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Mistakes happen

"An expert is a man [or woman] who has made all the mistakes which can be made, in a narrow field."

That's a quote from Niels Bohr, winner of the 1922 Nobel Prize for Physics. He later escaped German arrest during World War II and went on to help with the British contribution to the Manhattan Project and the development of the atomic bomb. Bohr's mistakes could have resulted in the loss of his own life and countless others.

When we make mistakes in our profession, there can be significant consequences, too. We aren't making bombs or escaping secret agents, but we are advising and advocating for clients, and the subject matter is often of great importance. Unfortunately, fear of making a mistake can be paralyzing.

The solution, as frightening as it sometimes seems, is to set a strategy and work through it. That strategy may involve spending 10 minutes outlining the issue, two hours reading blogs and law review articles, then another hour on the substantive law. You may benefit from seeking guidance on a legal listserv, like MyBarAccess discussions, or you might just bounce the issue off of a colleague to get another practitioner's gut reaction.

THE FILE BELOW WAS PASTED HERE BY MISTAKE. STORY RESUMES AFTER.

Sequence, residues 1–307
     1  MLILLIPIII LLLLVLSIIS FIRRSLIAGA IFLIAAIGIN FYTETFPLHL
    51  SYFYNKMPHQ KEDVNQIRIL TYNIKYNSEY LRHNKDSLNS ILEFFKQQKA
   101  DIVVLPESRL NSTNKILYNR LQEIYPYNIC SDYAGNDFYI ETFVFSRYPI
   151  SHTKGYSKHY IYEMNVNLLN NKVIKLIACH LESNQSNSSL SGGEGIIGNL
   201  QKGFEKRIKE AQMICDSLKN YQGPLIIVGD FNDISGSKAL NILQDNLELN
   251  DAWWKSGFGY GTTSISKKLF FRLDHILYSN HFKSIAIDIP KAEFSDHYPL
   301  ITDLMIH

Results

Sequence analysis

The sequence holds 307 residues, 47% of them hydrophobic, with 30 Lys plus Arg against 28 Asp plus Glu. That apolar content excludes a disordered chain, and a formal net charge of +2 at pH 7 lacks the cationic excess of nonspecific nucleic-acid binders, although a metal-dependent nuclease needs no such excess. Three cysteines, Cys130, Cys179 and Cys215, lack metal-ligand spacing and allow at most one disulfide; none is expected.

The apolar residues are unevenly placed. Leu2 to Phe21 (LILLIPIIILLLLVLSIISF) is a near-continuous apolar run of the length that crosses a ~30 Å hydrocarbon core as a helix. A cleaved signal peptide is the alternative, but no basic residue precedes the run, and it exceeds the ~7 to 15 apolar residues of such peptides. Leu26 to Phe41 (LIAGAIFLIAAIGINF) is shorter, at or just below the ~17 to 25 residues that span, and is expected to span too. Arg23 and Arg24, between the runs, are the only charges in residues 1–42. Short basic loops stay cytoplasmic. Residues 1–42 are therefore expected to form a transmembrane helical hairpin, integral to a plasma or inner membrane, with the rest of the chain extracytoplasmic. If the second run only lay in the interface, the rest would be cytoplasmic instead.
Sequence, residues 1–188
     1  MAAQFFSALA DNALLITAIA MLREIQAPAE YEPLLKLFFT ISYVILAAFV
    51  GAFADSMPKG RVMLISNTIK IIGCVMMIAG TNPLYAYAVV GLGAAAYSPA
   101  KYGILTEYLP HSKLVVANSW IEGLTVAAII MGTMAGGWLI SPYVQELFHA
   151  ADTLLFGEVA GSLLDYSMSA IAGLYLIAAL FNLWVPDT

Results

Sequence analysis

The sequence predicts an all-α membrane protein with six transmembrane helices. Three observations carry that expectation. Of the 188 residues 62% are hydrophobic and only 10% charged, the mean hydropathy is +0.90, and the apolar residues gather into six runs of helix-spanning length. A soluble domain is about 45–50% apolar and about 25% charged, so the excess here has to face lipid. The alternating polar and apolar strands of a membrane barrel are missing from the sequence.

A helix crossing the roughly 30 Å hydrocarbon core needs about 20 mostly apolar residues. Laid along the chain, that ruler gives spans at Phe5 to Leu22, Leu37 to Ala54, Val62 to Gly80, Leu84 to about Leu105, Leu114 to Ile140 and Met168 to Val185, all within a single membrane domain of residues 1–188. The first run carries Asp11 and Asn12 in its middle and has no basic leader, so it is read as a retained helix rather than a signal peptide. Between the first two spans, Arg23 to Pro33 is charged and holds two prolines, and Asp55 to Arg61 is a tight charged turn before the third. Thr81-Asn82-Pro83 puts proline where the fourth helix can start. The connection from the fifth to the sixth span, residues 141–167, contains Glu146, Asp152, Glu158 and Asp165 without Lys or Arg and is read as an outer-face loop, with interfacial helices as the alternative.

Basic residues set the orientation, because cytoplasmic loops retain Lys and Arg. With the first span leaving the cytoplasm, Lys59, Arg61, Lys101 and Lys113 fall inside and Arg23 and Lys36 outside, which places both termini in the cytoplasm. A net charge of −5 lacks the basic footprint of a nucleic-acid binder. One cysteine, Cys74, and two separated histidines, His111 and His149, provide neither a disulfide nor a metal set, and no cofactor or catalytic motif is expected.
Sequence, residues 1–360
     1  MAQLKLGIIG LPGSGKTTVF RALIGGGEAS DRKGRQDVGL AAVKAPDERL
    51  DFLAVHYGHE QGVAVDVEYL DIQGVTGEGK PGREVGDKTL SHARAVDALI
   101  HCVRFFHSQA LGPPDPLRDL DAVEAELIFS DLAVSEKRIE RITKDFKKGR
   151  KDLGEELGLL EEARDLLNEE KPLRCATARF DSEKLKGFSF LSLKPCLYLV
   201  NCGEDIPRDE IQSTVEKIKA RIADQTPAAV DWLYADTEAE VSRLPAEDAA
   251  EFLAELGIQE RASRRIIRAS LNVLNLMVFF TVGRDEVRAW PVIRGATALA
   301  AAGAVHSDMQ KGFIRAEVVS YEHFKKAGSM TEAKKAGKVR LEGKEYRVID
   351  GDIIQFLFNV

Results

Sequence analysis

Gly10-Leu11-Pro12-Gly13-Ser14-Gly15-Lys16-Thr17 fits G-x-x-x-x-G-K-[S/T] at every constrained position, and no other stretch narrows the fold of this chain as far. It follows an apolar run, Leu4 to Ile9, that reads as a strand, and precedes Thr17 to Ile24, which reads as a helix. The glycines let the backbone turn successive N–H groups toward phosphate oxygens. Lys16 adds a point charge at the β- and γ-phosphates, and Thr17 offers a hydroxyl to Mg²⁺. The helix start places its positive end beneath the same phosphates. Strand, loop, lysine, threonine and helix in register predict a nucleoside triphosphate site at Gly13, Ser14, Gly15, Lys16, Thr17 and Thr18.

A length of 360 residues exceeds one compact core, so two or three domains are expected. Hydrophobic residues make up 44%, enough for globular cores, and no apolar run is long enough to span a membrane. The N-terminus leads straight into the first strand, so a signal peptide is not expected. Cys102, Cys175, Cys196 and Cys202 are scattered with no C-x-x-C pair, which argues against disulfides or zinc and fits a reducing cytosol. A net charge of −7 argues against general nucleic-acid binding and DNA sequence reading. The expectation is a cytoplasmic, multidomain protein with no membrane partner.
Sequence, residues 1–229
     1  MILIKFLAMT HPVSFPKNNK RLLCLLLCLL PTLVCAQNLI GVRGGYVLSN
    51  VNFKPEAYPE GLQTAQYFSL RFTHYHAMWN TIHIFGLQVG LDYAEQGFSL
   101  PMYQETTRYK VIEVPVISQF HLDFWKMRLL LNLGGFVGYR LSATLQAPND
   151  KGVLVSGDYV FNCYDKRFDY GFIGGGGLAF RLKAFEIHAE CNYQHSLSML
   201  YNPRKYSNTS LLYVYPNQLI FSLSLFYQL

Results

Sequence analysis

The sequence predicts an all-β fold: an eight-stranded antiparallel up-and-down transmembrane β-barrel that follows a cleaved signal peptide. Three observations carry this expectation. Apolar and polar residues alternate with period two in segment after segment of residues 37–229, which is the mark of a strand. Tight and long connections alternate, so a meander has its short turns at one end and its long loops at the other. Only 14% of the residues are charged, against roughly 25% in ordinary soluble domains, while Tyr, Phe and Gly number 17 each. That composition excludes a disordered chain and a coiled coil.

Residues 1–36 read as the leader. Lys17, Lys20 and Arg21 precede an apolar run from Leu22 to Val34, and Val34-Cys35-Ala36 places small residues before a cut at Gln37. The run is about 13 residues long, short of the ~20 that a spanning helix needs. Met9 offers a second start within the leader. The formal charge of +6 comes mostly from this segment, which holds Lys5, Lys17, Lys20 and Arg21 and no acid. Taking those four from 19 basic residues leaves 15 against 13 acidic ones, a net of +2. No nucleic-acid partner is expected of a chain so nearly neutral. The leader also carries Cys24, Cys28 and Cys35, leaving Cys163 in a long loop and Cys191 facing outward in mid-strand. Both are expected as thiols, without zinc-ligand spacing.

Whatever you do, don't let the possibility of mistake paralyze you. It accomplishes nothing and prolongs the fear.

Mistakes happen. They are part of life. Think of a logical plan to resolve the issue, then get over it and move on. If you do make a mistake, don't worry too much. Most all mistakes are correctable. And remember Niels Bohr. You may feel inferior in the moment, but you're a step closer to becoming an expert.

Tip courtesy of Damian J. Turco, Esq., Mass Injury Firm, Boston

Published September 1, 2014

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To learn more about the Law Practice Management Section, which is complimentary for all MBA members, contact LPM Section Chair Cynthia E. MacCausland or Vice Chair Damian J. Turco.
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